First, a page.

The Irish Times - Monday, January 30, 2012
Has nightlife died in Irish towns? Not if a recent Friday night in Co Clare is anything to go by. Retailers, restaurateurs and revellers on O’Connell Street, Ennis explain how life goes on
It’s a Friday night in mid-January in Ennis, population 24,000, and O’Connell Street is busy. The narrow, curved street, lined with period buildings, is defined at one end by a distinctive commemorative pillar topped with a statue of Daniel O’Connell, who was declared an MP for Clare here in an 1828 by-election.
A rough tally of premises on the street comes in at 77, not counting those above street level. They include six bars, a hotel, six phone shops, two groceries, four shoe-shops, two florists, 12 clothes shops, a charity shop, two jewellers, two newsagents, two travel agents, a Milano, two fast-food restaurants, a camera shop, a bakery, a bookies, a Euroworld discount shop, a Boots, six vacant premises, and the entrance to a shopping centre, anchored by Dunnes Stores, that was built in the early 1990s.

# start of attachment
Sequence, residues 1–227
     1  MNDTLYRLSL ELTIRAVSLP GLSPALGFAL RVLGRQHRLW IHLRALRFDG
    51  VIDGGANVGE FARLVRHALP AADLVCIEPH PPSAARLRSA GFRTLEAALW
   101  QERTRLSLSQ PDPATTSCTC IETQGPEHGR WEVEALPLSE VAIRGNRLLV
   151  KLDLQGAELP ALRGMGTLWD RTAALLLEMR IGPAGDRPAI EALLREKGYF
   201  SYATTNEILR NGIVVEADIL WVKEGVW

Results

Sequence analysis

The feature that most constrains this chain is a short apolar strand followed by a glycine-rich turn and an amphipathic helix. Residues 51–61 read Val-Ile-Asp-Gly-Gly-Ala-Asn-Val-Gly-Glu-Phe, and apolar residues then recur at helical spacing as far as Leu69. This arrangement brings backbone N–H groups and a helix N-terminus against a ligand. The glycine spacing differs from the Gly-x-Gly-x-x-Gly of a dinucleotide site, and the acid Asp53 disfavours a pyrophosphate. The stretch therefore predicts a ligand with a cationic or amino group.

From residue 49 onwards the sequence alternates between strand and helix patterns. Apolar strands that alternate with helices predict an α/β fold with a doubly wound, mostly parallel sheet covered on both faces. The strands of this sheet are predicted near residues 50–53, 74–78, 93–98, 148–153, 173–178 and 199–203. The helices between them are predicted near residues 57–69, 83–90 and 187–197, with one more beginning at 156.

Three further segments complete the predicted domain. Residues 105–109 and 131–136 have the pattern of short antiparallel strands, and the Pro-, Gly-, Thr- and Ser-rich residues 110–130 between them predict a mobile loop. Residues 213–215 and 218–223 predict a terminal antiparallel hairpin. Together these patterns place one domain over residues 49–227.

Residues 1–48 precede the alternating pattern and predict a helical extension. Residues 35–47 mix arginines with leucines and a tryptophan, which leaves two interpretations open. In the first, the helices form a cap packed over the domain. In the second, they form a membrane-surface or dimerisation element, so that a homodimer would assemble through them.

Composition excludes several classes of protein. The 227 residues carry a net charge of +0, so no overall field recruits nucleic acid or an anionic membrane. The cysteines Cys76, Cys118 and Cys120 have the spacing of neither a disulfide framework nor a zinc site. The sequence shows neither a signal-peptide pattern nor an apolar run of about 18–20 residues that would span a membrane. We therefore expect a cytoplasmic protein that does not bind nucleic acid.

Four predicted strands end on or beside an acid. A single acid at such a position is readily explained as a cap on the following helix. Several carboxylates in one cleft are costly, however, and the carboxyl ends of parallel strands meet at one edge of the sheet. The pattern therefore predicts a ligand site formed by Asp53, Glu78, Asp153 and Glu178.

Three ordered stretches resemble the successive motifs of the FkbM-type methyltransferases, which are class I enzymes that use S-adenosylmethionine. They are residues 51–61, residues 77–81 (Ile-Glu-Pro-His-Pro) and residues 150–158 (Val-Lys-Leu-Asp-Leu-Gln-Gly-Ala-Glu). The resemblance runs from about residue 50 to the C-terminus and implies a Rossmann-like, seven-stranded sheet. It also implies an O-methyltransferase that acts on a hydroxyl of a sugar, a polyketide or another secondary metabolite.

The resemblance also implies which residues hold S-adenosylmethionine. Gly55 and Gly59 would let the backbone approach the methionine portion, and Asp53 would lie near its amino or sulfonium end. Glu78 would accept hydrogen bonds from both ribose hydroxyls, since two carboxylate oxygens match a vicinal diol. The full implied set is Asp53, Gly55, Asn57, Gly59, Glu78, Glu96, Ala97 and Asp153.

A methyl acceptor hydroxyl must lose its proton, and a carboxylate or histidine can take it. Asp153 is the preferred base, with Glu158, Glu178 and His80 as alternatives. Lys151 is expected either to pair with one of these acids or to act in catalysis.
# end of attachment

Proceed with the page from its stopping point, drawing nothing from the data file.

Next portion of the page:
A steady line of cars slowly navigates the one-way street, which is so narrow that there are scarcely three steps from one side to the other, and motorists are usually forced to crawl along to accommodate the jay-walking pedestrians who treat the street as if it is traffic-free.
Jo Walsh is on her way to dinner in Brogan’s bar and restaurant with friends visiting from Dublin, Fiona and John Power. They’ve booked a table and reckon on spending at least €100 tonight between them. “I love the fact this is still a proper street and not a mall,” Fiona Power says. “It has atmosphere.”
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